At the Crossroads of Comfort TV and Comfort Food

When I started my PhD, a kind mentor advised me to cope with graduate school’s stresses by eating chocolate and watching lots of TV. I received the same guidance when starting a tenure track position, though the recommendation escalated to watching TV in a (forgivable and deserved) prostrate position. This is survival advice for everyone,… Read more →

Sunday Morning Medicine

A weekly check-up of gender, medicine, and history in the news Gin, syphilis, and lunacy. A history of the wheelchair. Why we need more black doulas. Teaching “Car Talk” to new docs. Viking women, at home and at war. Fairy tales may be older than we think. The real doctors who inspired M*A*S*H. The camera… Read more →

Manly Firmness: It’s Not Just for the 18th Century (Unfortunately)

The references to “manly firmness” are everywhere in late-18th-century political sources. For example, Edward Dilly wrote to John Adams from London in 1775 to praise the men in the Continental Congress, “for the Wisdom of their Proceedings — their Unanimity, and Manly firmness.” In the Declaration of Independence, Thomas Jefferson listed the crimes of the… Read more →

Femininity and Legitimacy: Policing Women and “Witches” in Post-Apartheid South Africa

One night in the late spring of 2008, in the South African town of Mondlo, an assembly of neighbors brought 72-year-old Ntombikayise Zulu to tribal court. The neighbors suspected she wanted to kill them after they had killed her “familiar” — a squirrel who hunted chickens. Zulu, who tearfully claimed that she never practiced witchcraft,… Read more →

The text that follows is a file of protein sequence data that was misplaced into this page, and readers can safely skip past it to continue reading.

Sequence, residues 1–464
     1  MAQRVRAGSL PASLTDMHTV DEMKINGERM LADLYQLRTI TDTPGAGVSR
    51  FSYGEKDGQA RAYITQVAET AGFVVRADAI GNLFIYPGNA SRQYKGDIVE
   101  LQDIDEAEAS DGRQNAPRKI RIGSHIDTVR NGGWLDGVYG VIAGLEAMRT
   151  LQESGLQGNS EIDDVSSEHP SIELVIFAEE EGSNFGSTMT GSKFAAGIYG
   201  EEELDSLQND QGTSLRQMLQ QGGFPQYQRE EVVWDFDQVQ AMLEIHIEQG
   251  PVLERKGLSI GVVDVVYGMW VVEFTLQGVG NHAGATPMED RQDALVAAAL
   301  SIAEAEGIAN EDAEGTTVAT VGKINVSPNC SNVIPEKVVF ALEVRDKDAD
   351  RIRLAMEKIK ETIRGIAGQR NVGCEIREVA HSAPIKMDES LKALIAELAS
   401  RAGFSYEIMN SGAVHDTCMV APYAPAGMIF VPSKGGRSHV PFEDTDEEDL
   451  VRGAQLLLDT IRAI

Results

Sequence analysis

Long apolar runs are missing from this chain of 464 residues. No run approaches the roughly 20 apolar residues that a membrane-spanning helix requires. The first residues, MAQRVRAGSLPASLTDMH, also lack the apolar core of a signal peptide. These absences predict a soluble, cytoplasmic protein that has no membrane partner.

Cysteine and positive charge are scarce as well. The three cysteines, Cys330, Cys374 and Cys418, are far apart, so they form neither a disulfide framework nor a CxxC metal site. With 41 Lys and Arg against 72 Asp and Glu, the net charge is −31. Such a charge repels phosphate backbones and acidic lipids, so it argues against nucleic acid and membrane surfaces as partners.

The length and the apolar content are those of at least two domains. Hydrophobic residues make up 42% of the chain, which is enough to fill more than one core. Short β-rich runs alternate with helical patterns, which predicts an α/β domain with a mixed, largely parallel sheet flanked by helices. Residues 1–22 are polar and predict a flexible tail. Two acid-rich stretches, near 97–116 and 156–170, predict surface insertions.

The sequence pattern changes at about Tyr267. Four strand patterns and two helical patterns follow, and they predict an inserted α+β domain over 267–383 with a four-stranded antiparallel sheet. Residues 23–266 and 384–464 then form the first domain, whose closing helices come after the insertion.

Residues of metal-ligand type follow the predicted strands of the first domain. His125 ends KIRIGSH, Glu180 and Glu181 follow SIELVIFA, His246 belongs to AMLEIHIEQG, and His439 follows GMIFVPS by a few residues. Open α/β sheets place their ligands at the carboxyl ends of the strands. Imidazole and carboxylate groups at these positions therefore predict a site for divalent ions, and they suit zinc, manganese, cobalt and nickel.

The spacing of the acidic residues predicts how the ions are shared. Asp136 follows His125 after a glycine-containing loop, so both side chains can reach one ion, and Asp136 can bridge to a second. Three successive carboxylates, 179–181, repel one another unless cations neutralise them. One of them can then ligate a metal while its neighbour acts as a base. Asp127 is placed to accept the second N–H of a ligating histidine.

Sunday Morning Medicine

A weekly check-up of gender, medicine, and history in the news Medicine on screen. Plague water, anyone? The miscegenation troll. When Brooklyn was queer. The great glass coffin scam. Hemp and heritage in France. Celebrating bad taste at the Met. The laughing gas parties of the 1700s. Scientific duo gets back to basics to make… Read more →

Emigration as Epidemic: Perspectives on the Eighteenth-Century Scottish Highlands

In our digital age, the contagion metaphor is often part of the language we use regarding the exchange of information. The most popular videos go “viral” online. We share culturally-relevant “memes” via social media that spread like the common cold. But such metaphors are nothing new, especially when applied to migration. As medical knowledge developed… Read more →

Colonial Colette: From Orientalism and Egyptian Pantomime to Polaire’s Jamaican “Slave”

I first read excerpts of Colette’s Sido in my IB French class in 2007, so when the recent biopic starring Keira Knightley and produced by Wash Westmoreland came out, I knew that I had to see it. Colette was one of the most prolific French writers of the early twentieth century, well known for her… Read more →

Sunday Morning Medicine

A weekly check-up of gender, medicine, and history in the news WWII and drug prevention. Rethinking love and autism. Do aphrodisiacs really work? So who really was Queen Anne? Eugenic love in the Progressive Era. A teenage social revolution in your pocket. 8 daring female entrepreneurs from history. Sperm banks, DNA testing, and donor privacy…. Read more →

Marie Kondo and Books: Tidying Up the Misconceptions

The Netflix reality TV show Tidying Up with Marie Kondo premiered on January 1, 2019. Based on her bestselling book The Life-Changing Magic of Tidying Up: The Japanese Art of Decluttering and Organizing (2014), the show follows Kondo as she brings her process into the homes of a diverse cast of clients. Her process, called… Read more →

“Acknowledgments in Essay Form:” Briallen Hopper’s Hard to Love

I agreed to review Hard to Love: Essays and Confessions a week before my long-time boyfriend broke up with me out of the blue one otherwise completely normal Wednesday afternoon. Needless to say, my copy of Briallen Hopper’s heartfelt and nourishing essays arrived at exactly the right time. Her collected musings — examining love, life,… Read more →